Voter turnout hit records in this year's election, and it may have been the secret weapon for the Democrats.
The 2020 general election brought in more participants and voters than ever before, and in Arizona, an important chunk of the registered voter turnout was the Native community.
According to Bloomberg, an estimated 161 million ballots were cast in the 2020 Election, holding the new record of voter turnout in the history of the United States. In Arizona, The Washington Post calculated just under 3.3 million ballots.
"For some communities, like Native Americans, it can be hard due to inaccessibility or other reasons," said Noah Huerta, the president of the Native American Journalists Association at Arizona State University. "Voting is one way that we can ensure that our voices have a say in American politics and fight for a better future for our communities."
The Native American community accounts for 5.9% of the Arizona population, according to the U.S. Census Bureau. While that may sound like a small number, it translates to more than 429,000 people. Of that group, over 35,000 people that identify with the Native community live in Phoenix. And with 99% of the state's ballots counted, Democratic President-elect Joe Biden's margin of victory in Arizona was just over 10,000 votes.
Debbie Nez-Manuel, an advocate for the Native American community, said voter turnout and selection depends on the county across the state, especially where funding was focalized.
"There are many [funds] pointing at Navajo Nation which spans over several counties and where funds were directed," Nez-Manuel said of the voter turnout.
In a pivotal election during a pandemic, with Natives holding the ability to swing Arizona, which has been marked as a red state since 1996, mail-in ballots hold the power. As explained by Nez-Manuel, the Native community was a key blue vote this year.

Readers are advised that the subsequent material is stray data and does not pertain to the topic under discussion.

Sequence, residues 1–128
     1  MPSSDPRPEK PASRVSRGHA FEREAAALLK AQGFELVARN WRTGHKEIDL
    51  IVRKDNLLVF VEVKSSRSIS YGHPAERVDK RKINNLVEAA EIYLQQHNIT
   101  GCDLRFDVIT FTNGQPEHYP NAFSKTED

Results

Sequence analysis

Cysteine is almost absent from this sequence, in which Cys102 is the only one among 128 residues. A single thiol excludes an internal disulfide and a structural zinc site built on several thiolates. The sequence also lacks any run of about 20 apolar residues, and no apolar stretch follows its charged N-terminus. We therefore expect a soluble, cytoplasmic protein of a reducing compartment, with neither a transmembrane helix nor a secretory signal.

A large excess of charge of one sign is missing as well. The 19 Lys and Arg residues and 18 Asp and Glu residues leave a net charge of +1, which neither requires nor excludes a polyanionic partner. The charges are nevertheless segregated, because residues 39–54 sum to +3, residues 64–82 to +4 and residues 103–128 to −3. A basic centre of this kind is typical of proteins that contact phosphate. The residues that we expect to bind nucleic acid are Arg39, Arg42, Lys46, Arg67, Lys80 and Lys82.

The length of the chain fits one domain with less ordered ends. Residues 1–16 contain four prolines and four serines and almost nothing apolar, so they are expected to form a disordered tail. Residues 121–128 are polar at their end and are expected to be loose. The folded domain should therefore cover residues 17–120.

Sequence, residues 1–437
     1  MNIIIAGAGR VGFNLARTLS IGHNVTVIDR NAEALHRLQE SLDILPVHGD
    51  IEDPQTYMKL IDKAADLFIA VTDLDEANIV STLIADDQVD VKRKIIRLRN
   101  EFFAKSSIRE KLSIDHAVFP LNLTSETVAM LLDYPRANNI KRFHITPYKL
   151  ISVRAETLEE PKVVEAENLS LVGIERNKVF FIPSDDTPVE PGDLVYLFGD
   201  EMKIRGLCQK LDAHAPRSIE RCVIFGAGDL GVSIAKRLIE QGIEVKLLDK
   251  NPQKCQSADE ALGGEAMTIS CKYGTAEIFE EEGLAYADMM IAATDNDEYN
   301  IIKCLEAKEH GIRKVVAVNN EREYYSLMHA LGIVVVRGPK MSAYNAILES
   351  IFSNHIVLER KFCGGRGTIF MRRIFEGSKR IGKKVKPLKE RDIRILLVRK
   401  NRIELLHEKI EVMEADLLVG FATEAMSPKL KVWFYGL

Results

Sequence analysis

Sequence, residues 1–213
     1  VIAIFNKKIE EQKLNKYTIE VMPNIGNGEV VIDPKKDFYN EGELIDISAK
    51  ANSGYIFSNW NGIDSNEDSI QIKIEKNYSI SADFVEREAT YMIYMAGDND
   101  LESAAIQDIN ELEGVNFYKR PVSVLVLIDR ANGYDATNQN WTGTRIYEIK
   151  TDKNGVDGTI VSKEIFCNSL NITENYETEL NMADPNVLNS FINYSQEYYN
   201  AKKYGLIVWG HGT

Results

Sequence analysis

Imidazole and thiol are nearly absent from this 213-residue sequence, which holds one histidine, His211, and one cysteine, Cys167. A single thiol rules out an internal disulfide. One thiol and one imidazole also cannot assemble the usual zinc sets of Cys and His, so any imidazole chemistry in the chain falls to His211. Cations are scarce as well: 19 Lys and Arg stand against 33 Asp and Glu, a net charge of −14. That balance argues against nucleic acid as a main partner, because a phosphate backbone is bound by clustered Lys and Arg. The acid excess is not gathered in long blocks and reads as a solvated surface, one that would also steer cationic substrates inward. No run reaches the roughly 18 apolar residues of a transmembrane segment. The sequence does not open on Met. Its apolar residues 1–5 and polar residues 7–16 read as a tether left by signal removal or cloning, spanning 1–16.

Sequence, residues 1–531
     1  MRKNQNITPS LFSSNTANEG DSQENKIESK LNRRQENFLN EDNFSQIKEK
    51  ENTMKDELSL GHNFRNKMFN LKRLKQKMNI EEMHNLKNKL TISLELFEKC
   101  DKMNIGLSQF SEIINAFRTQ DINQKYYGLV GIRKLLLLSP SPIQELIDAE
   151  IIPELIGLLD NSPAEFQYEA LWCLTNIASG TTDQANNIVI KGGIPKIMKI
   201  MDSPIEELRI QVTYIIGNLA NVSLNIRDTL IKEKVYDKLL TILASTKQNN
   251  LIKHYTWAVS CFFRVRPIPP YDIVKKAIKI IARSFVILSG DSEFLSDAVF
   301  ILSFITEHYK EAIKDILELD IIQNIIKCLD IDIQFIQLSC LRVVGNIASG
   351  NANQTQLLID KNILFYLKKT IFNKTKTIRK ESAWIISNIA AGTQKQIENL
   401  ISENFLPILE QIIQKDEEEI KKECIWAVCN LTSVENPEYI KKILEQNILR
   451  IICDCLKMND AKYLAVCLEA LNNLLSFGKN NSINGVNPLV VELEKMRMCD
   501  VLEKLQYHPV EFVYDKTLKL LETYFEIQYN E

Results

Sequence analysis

"Native American voters clearly lean in favor of Democratic values, while some may be independent they still lean in a way where we share the same values and those of the Biden and Harris ticket," she said. "With tribal nations in Arizona favoring the Biden/Harris campaign, their collective efforts are one of the reasons the democratic party pulled through this win for Biden."
Huerta agreed, saying that if there wasn't as much turnout from smaller communities as there was, the result may have been different.
"The Native vote is not something that is always sought after because we have a smaller community than most. However, it played a key role here in Arizona," he said.
While the state of Arizona voted blue for both Senator-elect Mark Kelly and President-elect Biden, offering a boost of morale for left-leaning Native American voters and other non-white left-leaning groups, the battle for equality and representation is still far from over.
The U.S. Census accounted for 82.6% of Arizona's population identifying as White/Caucasian, and 72.3% in Phoenix. In many cases, the White population has the opportunity to help bring support and representation to other minorities, such as the Native American community.
Investment and funding alone, according to Nez-Manuel, can help bring light and opportunity to the communities.
For Huerta, "simply acknowledging the Native peoples" is a step in the right direction.
"Natives are the forgotten group and referred to as 'other' or even 'something else'," Huerta said. "Native voices need to be heard and recognized."